The ground on which Lord Russell was sentenced to death was that he had violated the law in conspiring the death of the king. He argued that, granting the charge to be true (which he denied), it was not that of conspiring the death of the king, but “a conspiracy to levy war;” that this was not treason within the statute (which it was not); and that if it had been, a statute of Charles II. made the accusation null and void, because the time had expired to which the operation of it was limited.

His wife, Lady Rachel Russell, the daughter of the virtuous and noble Earl of Southampton, was his chief friend and counsellor. At his trial, wishing to have notes of the evidence, he asked whether he might have somebody to write for him. The Chief-justice Pemberton said, “Any of your servants shall assist you in writing anything you please.” “My lord,” said Russell, “my wife is here to do it.” And when the spectators turned their eyes and beheld the devoted lady rise up to assist her lord in this his uttermost distress, a thrill of anguish ran through the assembly.

Essex had been taken to the Tower, and while the perjured Howard was giving his evidence intelligence reached the court that in a fit of depression the noble lord had committed suicide. The attorney-general made use of the information to declare that Essex had killed himself to escape the hands of justice. The trial proceeded: the false witness, having recovered the shock of the dreadful news, went on with his evidence, and others swore to save their own lives. Before the jury withdrew Russell said to them, “Gentlemen, I am now in your hands eternally-my honor, my life, my all; and I hope the heats and animosities that are among you will not so bias you as to make you inclined to find an innocent man guilty. I call heaven and earth to witness that I never had a design against the king’s life. I am in your hands; so God direct you!” But the jury soon brought in a verdict of guilty; and Treby, recorder of London, who had formerly been an exclusionist, and who had been deeply engaged with Lord Shaftesbury in most of the city schemes and plots, pronounced the horrible sentence of death for high treason.

Many efforts were made to obtain the royal pardon; but Charles was inexorable, even though £ 100,000 was offered him by his lordship’s father the Duke of Bedford, through the French mistress the Duchess of Portsmouth. Russell’s friends urged him to petition both the king and the Duke of York, and he complied by writing letters, which were of no avail. Lord Cavendish, his friend, offered to manage his escape by changing clothes and remaining at all hazards to himself; but Russell refused, and prepared to die with Christian piety. There are few more affecting accounts than that of the last hours of this nobleman, who seems to have been greatly beloved by all who knew him; while the conduct of his wife, who long survived him, and saw the downfall of the house of Stuart, is an admirable example of courage and devotion. She threw herself at the king’s feet and pleaded with many tears the merit and loyalty of her father as an atonement for those errors his trial, wishing to have notes of the evidence. he asked whether he might have somebody to write for him. The Chief-justice Pemberton said, ” Any of your servants shall assist you in writing anything you please.” “My lord,” said Russell, “my wife is here to do it.” And when the spectators turned their eyes and beheld the devoted lady rise up to assist her lord in this his uttermost distress, a thrill of anguish ran through the assembly.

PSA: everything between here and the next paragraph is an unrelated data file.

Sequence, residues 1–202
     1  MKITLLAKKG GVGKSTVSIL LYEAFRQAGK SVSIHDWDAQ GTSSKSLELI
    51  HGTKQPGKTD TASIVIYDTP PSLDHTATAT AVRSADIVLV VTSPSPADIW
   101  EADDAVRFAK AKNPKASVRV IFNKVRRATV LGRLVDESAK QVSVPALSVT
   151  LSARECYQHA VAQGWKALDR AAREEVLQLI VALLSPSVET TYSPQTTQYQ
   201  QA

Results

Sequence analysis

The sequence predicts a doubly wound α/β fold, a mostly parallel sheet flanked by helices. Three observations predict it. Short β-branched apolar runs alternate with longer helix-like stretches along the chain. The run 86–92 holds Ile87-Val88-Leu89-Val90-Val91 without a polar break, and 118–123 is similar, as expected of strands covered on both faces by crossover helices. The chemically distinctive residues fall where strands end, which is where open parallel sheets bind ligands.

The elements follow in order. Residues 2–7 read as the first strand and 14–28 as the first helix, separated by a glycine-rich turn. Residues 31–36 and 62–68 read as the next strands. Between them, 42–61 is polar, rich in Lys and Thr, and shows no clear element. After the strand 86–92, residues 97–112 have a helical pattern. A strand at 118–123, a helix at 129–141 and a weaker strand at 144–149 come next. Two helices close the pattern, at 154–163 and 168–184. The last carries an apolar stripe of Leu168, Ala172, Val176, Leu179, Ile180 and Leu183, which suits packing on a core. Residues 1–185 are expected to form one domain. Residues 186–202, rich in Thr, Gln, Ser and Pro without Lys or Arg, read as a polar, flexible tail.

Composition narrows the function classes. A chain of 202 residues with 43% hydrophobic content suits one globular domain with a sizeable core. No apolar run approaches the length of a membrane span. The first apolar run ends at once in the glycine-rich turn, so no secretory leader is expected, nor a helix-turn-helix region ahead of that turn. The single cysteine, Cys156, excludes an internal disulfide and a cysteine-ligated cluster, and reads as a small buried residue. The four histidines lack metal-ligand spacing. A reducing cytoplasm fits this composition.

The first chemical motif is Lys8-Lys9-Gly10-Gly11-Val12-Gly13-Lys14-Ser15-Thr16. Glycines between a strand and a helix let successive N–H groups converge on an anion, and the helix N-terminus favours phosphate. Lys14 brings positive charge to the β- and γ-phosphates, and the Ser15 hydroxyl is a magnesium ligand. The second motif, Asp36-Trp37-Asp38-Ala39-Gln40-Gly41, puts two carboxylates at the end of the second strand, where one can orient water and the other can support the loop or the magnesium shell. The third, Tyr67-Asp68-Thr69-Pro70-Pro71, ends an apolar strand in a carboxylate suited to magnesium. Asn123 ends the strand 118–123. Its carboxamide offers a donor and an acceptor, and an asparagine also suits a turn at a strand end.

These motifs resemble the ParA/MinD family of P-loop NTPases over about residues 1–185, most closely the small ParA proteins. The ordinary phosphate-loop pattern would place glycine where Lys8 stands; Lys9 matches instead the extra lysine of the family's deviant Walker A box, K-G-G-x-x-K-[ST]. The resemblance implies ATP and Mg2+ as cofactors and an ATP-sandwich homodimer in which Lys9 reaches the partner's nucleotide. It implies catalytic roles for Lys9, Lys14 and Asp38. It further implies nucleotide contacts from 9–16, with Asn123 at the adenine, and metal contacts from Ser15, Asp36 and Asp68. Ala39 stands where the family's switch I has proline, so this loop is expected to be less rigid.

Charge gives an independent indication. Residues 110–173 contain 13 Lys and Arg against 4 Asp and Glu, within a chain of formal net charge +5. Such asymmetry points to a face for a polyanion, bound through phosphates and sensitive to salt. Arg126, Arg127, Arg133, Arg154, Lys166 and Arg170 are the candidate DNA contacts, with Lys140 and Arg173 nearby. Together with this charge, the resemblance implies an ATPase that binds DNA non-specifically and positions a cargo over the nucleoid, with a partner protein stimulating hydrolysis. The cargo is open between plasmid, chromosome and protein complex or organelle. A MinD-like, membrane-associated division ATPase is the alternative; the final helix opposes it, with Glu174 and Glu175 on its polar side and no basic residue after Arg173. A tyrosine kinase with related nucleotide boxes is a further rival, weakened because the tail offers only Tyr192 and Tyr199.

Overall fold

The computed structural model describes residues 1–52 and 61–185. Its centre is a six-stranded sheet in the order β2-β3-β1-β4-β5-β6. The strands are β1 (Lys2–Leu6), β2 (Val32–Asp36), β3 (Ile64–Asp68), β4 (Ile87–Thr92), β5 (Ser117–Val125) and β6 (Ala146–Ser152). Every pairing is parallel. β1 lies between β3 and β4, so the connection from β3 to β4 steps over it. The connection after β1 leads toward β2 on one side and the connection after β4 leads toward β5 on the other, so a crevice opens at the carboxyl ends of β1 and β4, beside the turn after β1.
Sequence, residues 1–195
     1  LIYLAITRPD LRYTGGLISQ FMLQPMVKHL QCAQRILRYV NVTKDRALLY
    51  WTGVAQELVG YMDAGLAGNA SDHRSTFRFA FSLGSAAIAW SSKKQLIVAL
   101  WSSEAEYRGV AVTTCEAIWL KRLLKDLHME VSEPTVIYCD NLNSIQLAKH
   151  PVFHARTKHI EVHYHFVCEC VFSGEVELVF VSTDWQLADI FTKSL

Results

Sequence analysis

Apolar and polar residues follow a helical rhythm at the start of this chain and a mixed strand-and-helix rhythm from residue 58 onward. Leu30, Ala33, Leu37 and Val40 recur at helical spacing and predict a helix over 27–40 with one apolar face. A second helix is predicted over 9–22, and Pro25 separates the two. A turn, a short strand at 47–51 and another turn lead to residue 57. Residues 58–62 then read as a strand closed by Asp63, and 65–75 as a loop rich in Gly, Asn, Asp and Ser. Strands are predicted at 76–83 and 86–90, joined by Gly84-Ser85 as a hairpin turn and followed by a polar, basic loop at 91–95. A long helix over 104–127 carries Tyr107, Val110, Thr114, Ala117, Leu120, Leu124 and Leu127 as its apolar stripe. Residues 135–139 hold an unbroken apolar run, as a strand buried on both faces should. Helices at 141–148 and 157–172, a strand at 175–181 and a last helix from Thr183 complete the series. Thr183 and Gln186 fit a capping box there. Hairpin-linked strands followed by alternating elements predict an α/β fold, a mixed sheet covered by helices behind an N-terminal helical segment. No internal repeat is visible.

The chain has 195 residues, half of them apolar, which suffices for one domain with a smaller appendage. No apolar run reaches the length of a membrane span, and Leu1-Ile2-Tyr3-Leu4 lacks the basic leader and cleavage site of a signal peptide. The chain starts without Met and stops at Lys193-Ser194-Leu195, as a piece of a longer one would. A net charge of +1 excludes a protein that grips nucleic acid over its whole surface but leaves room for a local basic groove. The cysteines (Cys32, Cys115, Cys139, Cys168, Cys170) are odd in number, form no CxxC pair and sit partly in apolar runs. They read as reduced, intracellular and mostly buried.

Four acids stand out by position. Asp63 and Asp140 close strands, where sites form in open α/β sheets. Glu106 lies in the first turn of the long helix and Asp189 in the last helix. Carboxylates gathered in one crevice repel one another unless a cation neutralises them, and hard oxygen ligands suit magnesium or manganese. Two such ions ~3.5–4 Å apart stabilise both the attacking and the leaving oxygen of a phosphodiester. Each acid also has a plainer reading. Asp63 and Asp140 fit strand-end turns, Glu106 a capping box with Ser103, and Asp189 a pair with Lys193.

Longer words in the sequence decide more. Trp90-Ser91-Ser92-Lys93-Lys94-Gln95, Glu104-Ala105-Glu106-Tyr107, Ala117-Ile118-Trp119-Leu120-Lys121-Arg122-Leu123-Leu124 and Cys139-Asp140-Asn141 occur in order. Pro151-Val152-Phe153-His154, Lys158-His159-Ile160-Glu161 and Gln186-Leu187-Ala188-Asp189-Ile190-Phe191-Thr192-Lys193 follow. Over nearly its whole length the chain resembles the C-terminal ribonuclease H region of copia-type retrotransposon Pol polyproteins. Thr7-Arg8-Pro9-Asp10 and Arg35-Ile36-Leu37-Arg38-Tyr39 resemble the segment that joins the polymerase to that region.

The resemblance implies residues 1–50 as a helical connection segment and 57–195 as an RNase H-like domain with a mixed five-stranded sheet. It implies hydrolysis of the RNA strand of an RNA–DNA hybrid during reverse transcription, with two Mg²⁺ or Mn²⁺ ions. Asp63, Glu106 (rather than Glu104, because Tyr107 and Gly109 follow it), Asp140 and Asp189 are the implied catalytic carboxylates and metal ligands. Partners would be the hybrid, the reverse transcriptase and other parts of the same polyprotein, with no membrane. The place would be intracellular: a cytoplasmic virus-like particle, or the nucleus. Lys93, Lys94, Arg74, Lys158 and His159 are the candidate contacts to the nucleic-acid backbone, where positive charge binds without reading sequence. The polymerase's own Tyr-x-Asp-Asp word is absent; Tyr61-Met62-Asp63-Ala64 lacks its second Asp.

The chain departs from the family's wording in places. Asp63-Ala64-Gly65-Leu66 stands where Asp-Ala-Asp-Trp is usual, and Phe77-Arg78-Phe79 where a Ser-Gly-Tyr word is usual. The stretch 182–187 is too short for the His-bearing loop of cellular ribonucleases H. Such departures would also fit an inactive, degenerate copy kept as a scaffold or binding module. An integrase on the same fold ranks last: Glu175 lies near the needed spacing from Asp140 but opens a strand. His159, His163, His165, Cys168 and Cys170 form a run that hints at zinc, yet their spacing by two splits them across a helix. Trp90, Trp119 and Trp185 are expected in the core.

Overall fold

Essex had been taken to the Tower, and while the perjured Howard was giving his evidence intelligence reached the court that in a fit of depression the noble lord had committed suicide. The attorney-general made use of the information to declare that Essex had killed himself to escape the hands of justice. The trial proceeded: the false witness, having recovered the shock of the dreadful news, went on with his evidence, and others swore to save their own lives. Before the jury withdrew Russell said to them, “Gentlemen, I am now in your hands eternally-my honor, my life, my all; and I hope the heats and animosities that are among you will not so bias you as to make you inclined to find an innocent man guilty. I call heaven and earth to witness that I never had a design against the king’s life. I am in your hands; so God direct you!” But the jury soon brought in a verdict of guilty; and Treby, recorder of London, who had formerly been an exclusionist, and who had been deeply engaged with Lord Shaftesbury in most of the city schemes and plots, pronounced the horrible sentence of death for high treason.

Many efforts were made to obtain the royal pardon; but Charles was inexorable, even though £ 100,000 was offered him by his lordship’s father the Duke of Bedford, through the French mistress the Duchess of Portsmouth. Russell’s friends urged him to petition both the king and the Duke of York, and he complied by writing letters, which were of no avail. Lord Cavendish, his friend, offered to manage his escape by changing clothes and remaining at all hazarcds to himself; but Russell refused, and prepared to die with Christian piety. There are few more affecting accounts than that of the last hours of this nobleman, who seems to have been greatly beloved by all who knew him; while the conduct of his wife, who long survived him, and saw the downfall of the house of Stuart, is an admirable example of courage and devotion. She threw herself at the king’s feet and pleaded with many tears the merit and loyalty of her father as an atonement for those errors with which honest. however mistaken, principles had seduced her husband. It is said that Charles refused her even a reprieve of six weeks, saying, “How can I grant that man six weeks, who, if it had been in his power, would not have granted me six ours.